What Changed?

There are a lot of excuses as to why the Giants are so terrible this year. Some of them are even valid. But there's one problem: this team is having little go wrong that didn't happen last year. And it was last year's team that set a new standard for regular season domination in San Francisco.

The story is very familiar. Rob Nen, despite hopes of a return in Spring Training, is out for the year. Schmidt and Bonds have missed short stretches in the first two months, while Ray Durham has missed extended time due to injury. Edgardo Alfonzo is off to a painfully slow start. Starting pitching has been inconsistent, and the bullpen has been taxed.

And yet, they won 100 games. They led their division from alpha to omega. They dominated the division like they were the Yankees playing in a minor league division.

So why, with all this happening again, is it such a different story now?

There's an obvious answer: they're losing. Instead of being a first place team, after being swept out of their own stadium by Pittsburgh, the Giants are in 4th place. They are 8 games behind the first place Dodgers and have fallen behind Colorado. But why they aren't winning, and why this season seems so bad, stem from deeper reasons.

And a big part of it is attitude. The fans and the players.

This year was perhaps the greatest public relations blunder in this ownership's tenure. For heaven's sake, guys, don't start off an offseason by telling everyone you're cutting payroll! Even if you are. Even though the result of the ‘cutting' of payroll brought the budget to the same place it'd been the same time the previous year. And they wondered why fans were pissed off to start the offseason.

Then they made the A.J. Pierzynski trade, and broadcast another intention: that this team would be improved through trades, not free agency. And what did they do after that declaration? The only other trade made was getting 5th outfielder Dustan Mohr for a minor leaguer, and the rest of the team's ‘improvements' came through free agency.

And then they spent the rest of the offseason bragging about how good all the starters would be. There were claims made about Neifi Perez's power (which produced 1 HR in all of 2003, and a total of 48 over 9 years in the majors. And 26 of those came while playing for Colorado!), about Michael Tucker's high average (which has broken .270 once in his career), and about Brett Tomko's newfound pitching skill. Most Giants fans who looked at the stats weren't buying it to begin with. That the fans' fears have proven very true, and very obvious, has only pissed the fans off more.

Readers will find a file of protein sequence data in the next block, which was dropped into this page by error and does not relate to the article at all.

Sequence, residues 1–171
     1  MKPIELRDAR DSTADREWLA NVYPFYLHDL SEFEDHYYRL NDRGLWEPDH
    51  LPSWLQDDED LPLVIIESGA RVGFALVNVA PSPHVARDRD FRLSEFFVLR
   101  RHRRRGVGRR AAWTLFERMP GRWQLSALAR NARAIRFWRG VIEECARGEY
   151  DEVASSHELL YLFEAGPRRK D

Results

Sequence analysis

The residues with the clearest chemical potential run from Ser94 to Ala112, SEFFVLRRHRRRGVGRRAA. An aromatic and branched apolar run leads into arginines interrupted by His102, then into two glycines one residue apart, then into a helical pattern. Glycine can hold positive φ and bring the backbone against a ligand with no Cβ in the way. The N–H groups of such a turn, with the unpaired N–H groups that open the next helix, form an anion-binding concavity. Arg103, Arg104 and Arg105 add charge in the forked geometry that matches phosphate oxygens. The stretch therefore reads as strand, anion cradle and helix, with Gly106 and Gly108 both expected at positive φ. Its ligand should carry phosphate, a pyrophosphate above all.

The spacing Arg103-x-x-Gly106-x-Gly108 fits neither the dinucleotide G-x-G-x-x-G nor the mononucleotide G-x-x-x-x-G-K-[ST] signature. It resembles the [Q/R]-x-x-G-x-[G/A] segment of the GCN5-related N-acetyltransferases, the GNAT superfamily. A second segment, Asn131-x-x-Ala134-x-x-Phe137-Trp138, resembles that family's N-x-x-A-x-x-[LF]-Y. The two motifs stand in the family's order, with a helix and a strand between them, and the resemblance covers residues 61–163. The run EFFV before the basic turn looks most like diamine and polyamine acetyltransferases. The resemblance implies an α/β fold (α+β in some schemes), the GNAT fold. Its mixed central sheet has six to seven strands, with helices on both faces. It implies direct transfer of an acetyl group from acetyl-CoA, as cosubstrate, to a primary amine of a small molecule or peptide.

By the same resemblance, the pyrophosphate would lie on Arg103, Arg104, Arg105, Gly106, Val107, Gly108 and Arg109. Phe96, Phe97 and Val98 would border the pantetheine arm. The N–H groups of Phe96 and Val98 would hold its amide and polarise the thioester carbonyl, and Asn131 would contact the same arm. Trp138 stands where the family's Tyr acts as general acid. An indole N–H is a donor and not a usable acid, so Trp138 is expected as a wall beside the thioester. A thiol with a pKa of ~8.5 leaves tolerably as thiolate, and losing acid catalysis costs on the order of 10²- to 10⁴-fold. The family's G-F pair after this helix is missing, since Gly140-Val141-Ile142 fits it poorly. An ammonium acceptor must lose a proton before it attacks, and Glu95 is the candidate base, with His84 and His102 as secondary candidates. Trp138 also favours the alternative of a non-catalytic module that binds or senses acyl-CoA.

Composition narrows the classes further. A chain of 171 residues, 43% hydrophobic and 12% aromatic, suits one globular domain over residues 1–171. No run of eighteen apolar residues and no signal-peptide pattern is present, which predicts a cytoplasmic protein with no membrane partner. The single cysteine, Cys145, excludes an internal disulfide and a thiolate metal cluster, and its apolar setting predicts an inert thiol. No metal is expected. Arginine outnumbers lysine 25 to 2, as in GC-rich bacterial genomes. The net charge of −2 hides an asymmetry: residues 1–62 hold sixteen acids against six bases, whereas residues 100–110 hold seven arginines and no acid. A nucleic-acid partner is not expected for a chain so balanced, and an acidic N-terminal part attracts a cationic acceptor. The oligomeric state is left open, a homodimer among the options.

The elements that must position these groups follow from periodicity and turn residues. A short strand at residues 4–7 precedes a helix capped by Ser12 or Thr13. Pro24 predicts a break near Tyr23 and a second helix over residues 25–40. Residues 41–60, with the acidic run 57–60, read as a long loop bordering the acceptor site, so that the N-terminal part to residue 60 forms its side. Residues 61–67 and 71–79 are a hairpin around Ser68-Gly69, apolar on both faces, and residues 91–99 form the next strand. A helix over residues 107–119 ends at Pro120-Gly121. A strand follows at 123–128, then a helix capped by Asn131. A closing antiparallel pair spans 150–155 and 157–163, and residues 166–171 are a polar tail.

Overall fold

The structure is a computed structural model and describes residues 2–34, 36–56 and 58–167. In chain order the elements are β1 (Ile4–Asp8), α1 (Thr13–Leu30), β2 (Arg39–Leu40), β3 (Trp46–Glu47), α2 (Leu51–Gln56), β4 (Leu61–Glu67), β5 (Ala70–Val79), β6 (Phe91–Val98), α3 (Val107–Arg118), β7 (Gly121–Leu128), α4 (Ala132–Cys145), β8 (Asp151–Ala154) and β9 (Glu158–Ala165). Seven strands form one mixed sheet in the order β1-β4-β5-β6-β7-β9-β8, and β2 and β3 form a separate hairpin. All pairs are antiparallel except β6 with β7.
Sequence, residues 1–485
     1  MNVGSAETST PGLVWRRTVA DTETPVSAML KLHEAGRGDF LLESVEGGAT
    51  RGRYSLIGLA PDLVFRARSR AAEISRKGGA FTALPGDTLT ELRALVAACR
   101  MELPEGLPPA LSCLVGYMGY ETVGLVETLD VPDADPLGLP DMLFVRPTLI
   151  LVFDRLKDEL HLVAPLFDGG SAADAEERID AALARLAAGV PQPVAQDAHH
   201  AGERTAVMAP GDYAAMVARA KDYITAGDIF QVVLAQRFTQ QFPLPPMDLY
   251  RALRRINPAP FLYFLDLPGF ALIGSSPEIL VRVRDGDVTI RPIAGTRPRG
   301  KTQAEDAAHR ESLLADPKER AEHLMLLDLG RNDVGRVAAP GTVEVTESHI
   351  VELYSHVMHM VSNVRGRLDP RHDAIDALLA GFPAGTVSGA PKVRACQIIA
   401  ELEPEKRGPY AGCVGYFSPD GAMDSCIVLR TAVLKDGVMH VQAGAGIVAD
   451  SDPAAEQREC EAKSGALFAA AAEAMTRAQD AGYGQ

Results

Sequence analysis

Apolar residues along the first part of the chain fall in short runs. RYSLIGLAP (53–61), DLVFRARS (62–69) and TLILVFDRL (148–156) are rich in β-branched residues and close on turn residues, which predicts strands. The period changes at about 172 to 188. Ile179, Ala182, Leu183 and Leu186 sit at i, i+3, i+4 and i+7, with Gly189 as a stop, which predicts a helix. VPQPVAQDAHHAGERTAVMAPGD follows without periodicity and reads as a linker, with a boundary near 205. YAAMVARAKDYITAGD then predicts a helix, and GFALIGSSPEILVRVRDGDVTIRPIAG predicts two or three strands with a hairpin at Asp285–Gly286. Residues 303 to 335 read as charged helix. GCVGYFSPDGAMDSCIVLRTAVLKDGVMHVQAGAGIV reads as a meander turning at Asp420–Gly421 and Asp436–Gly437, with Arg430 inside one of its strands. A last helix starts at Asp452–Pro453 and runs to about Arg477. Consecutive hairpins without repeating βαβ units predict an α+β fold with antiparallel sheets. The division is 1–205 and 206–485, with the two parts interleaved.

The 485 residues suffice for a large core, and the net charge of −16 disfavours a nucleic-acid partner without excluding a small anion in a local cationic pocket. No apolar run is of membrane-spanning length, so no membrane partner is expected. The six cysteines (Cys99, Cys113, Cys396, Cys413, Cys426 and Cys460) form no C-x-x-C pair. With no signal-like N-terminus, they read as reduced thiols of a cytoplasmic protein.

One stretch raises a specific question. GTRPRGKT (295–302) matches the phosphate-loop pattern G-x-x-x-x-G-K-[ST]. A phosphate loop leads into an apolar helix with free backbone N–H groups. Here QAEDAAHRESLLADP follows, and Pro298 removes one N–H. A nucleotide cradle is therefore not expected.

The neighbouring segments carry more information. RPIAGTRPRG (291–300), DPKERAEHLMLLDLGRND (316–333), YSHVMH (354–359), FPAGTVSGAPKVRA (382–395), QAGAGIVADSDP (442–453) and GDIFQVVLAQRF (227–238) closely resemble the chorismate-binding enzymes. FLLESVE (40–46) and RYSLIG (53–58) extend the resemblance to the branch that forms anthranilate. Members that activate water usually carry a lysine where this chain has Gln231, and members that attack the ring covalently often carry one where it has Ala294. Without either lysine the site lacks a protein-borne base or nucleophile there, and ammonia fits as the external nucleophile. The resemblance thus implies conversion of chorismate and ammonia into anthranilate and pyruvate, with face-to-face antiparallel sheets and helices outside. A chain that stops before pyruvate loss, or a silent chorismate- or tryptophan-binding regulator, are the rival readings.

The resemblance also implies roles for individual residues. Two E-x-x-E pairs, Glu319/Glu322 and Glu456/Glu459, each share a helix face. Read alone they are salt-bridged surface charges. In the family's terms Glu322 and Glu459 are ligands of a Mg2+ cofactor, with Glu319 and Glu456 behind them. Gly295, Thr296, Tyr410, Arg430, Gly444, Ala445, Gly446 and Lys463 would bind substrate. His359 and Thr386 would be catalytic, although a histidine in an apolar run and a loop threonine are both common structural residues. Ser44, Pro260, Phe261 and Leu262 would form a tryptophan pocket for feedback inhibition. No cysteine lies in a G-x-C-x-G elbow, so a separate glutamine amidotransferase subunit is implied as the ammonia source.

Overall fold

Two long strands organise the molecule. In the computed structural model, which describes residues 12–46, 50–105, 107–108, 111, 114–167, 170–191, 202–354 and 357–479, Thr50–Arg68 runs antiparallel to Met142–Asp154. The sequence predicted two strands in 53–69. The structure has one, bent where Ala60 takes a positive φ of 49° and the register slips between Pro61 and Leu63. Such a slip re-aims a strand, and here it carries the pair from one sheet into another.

It's not that we were mad for being lied to, it's that the lies were stupid lies that no one believed. And the Giants ownership and organization did it to fans all winter long. And they wonder why the fans are nearing a revolt, and why there are increasing numbers of empty seats at SBC Park this year.

The ownership really isn't going to want to see the drop in season ticket holders that is coming. And there will be quite a drop.

And then there's the players. The comments aired in the paper recently by Barry Bonds weren't a surprise. The truth is, they were the truth. The team wasn't performing, and they couldn't blame it on youth or inexperience. They got a number of veterans to come in and play, and they just aren't. And the charge that management didn't get the right veterans isn't exactly a novel suggestion.

Early failures and fan displeasure have led to a team that just doesn't look like it cares out there. Too many of these players are taking the double plays and strikeouts in stride, and quite frankly, it adds to the fan displeasure. Make fun of Ruben Rivera all you want for his boneheadedness, at least he was running his ass off, even if he was running in every direction.

It's not like there's any big mystery to a number of this team's failures early. Let's start with a number of the Giants having no clue how to hit a breaking ball, or being able to lay off a change up. Tucker, Feliz, Perez, Mohr, and Pierzynski have all been extremely susceptible to this. And to avoid double plays, how about trying to put some lift into the swings to avoid hitting the balls on the ground?

This isn't rocket science. It may not be as easy as I say it, but for heaven's sake, what would be wrong with locking these guys into a batting cage until they learn to keep the bat on their shoulders until they get a pitch they can hit? And why isn't it being done? (This isn't a rhetorical question, Felipe Alou. I'd like an answer)